One of the first to record a piece with this new sound was Antoine Wendo Kolosoy, later known as Papa Wendo. That topic was Marie Louise. A title composed with guitarist Henri Bowane and not without controversy. It is about a dialogue between Wendo and Henri about the former’s search for a girl who is unsuccessful due to the latter’s wealth. A song loaded with sexual innuendo that annoyed the authorities of the time. The policies expelled Wendo from Léopoldville and the nuns – who even claimed that the issue was satanic – excommunicated him from the Catholic Church. Both of them could not bear the cultural and moral revolution that the new music brought with them.

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Marie Louise It was the first known big Congolese rumba hit and was soon heard throughout West Africa. An improvised instrumental part with the guitar appears for the first time. That is what is known as sebene. An intermission that serves for the dancers to show their skills and exhibit themselves. Sebene quickly became the cornerstone of Congolese music, without it rumba would not be the same.

Record companies and artists quickly followed one another and Congolese rumba grew. However, no one synthesized Cuban and African fusion better than Joseph Kabasele, “Grand Kalle”. This artist made his debut in 1949 with George Doula’s Tendace congolaise orchestra. In 1953 he formed his own orchestra, African Jazz. Since then no one has taken the throne from him, although many have tried. Here we can like the theme The parish.

Other big names have contributed to the formation and popularization of this rhythm, such as Franco, Tabu Ley Rochereau, Dr. Nico Kasanda or Pepe Kalle, among others. As important as the singers are the bands without which the rumba is nothing: TP OK Jazz, Bella Bella, Lipua-Lipua, for example.

Later, after the independence of the Democratic Republic of the Congo and the arrival of Mobutu Sese Seko to power, the rumba acquired a strong political significance. The dictator quickly understood its importance in transmitting messages to a people largely dependent on oral tradition. And despite the attempted manipulation, the rumba has survived and has continued to accompany joys and sorrows.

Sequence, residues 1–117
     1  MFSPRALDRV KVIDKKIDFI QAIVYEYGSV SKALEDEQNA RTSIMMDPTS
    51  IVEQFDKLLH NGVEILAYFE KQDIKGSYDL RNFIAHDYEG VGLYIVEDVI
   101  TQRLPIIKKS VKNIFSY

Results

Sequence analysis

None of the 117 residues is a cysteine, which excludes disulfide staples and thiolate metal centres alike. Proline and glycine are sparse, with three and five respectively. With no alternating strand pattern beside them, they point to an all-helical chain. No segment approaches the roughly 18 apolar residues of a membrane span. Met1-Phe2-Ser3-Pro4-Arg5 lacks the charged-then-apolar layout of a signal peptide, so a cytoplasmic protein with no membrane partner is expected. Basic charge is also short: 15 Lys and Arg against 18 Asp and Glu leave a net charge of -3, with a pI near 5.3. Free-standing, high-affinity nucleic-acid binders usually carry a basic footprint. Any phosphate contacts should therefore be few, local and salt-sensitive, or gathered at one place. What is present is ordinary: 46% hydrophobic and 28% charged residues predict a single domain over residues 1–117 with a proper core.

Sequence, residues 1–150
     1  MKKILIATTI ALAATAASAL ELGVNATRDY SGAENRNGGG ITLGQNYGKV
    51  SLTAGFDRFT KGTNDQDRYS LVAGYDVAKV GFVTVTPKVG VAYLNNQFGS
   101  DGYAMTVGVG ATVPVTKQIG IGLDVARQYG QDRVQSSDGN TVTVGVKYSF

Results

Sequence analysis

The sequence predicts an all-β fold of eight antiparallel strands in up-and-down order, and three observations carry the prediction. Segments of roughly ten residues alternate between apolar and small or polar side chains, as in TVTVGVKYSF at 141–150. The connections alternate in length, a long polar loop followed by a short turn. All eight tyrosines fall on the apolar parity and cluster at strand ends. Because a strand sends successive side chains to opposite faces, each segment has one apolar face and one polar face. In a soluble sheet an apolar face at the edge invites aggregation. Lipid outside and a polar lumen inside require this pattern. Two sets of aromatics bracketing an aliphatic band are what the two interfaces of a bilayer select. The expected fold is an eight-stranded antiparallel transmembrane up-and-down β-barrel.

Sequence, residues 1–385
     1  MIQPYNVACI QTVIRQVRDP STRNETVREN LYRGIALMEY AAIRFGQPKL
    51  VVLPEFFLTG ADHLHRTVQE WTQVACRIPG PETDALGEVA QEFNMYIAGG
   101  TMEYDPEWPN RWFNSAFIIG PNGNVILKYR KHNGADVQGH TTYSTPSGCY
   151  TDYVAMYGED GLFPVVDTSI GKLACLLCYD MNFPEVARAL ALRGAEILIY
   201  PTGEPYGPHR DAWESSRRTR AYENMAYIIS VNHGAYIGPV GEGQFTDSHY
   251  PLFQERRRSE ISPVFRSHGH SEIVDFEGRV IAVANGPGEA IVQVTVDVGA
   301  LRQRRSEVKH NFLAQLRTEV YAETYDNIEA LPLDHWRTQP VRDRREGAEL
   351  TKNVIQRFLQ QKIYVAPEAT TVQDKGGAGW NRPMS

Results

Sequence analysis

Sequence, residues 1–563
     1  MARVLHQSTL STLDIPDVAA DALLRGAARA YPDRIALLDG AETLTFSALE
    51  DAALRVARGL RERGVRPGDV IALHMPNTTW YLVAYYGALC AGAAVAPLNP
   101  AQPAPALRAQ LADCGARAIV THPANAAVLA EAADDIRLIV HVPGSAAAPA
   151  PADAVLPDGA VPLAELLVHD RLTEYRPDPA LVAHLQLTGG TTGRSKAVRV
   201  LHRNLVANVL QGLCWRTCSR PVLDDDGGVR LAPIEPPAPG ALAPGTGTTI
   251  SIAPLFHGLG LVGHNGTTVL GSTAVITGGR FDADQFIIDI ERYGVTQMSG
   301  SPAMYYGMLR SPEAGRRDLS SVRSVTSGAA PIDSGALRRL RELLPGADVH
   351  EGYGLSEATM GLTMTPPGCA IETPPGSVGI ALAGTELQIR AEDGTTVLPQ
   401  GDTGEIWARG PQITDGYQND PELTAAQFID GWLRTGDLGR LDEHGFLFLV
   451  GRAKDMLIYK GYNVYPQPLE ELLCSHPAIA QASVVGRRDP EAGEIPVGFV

In recent years, experience a new splendor. And regardless of its political use, there is no doubt that it is one of the best rhythms to relax while having a few beers in a maquis. Fiston Mwanza Mujila has it clear:

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– ”She owes everything to beer. Without beer, the rumba would only be a sinister mourning music …

-Beer and rumba are twin sisters …

-Beer is his older sister. It existed before the rumba ”.

Among the current rumba artists, the one who was a member of Papa Wenba’s band, Koffi Olomide, stands out. Papa Ngwasuma:

Similarly, Fally Ipupa, who was discovered by Koffi Olomide and was part of his band is one of the most popular names in this genre today. We hear from him Dream:

For all that it has meant and continues to mean, for all that it has contributed and continues to contribute to culture and festivities, Congolese rumba deserved this great recognition.


elpais.com

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George Holan

George Holan is chief editor at Plainsmen Post and has articles published in many notable publications in the last decade.